Giant Eagle drops plans to raze historic Indiana church, build gas station, convenience store

Associated Press

Pittsburgh-based grocer Giant Eagle has dropped its plans to raze a historic Indianapolis church and build a gas station and convenience store on the site.

The company said Tuesday that "after much consideration," it had decided not to pursue the project on the city's far east side that would have demolished the century-old St. John's United Church of Christ.

Continue Reading Below

Giant Eagle spokesman Dan Donovan said in a statement that the company had thoroughly reviewed the proposed development. He said that "for a variety of reasons we did not feel that this proposed location best met the needs of our business."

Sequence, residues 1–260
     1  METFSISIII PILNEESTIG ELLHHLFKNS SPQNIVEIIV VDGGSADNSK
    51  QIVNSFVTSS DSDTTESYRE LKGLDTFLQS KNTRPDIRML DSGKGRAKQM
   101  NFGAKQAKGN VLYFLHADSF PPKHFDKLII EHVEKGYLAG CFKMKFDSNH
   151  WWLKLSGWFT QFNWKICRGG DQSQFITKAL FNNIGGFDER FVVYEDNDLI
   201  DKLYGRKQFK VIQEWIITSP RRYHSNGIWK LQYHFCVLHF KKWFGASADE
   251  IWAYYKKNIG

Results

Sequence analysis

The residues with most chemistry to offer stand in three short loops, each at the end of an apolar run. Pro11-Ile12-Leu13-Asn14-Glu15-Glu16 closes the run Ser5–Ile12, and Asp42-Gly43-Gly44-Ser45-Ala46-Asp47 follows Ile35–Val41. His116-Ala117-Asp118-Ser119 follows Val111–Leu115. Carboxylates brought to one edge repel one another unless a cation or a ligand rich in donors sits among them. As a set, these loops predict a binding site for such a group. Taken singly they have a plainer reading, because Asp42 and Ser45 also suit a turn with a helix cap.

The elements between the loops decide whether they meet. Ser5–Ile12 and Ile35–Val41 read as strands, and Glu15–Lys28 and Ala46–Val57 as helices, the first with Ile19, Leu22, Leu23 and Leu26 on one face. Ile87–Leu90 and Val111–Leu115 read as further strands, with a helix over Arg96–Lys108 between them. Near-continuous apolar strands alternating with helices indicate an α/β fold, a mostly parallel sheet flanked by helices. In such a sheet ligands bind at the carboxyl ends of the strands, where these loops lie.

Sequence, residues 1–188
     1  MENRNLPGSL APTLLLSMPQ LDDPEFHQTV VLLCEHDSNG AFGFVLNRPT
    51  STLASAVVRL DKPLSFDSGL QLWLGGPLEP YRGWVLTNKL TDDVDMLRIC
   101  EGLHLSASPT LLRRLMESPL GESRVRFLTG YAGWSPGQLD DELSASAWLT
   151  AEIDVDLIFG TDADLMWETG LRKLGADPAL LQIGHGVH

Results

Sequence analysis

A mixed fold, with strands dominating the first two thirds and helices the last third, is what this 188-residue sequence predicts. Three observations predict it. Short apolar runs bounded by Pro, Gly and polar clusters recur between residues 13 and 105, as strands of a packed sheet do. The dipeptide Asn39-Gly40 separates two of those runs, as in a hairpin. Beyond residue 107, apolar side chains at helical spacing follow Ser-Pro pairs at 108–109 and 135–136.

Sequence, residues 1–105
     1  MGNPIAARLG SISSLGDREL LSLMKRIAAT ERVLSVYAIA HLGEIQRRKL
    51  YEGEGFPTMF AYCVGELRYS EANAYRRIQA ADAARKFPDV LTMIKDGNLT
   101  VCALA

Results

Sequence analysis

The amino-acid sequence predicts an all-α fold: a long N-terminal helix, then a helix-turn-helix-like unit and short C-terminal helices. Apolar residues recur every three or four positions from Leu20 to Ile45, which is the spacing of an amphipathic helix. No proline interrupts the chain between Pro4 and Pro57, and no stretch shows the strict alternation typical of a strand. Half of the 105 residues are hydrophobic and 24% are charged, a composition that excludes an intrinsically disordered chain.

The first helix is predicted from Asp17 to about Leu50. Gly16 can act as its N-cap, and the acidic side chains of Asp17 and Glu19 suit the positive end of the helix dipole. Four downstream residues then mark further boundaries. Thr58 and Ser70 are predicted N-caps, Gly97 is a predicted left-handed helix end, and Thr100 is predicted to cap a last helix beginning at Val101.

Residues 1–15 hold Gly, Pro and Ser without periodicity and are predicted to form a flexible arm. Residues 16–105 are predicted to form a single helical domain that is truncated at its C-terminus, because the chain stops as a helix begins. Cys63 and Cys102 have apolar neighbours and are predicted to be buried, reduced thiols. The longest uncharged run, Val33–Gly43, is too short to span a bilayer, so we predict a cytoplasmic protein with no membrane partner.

The Indianapolis Metropolitan Development Commission in May approved rezoning of the church site to allow construction of the proposed convenience store.

But Cumberland town officials pushed to save the brick 1914 church after its dwindling congregation agreed to sell the building to Giant Eagle and eventually build a new church nearby.

Cumberland was once a rest stop along the National Road — now U.S. 40 — but the town has lost many of its century-old homes and businesses in recent decades to development.

The church's bell tower, stained glass windows and Tudor Gothic Revival-style design have welcomed travelers to the community for more than a century.

Town Manager Andrew Klinger said local officials want to work with church's leaders to sell the property for reuse in some type of mixed-use development "that's mutually beneficial for the congregation and the Cumberland community."

"As we've said from the beginning, the Town of Cumberland envisions a greater potential use for the site," he said.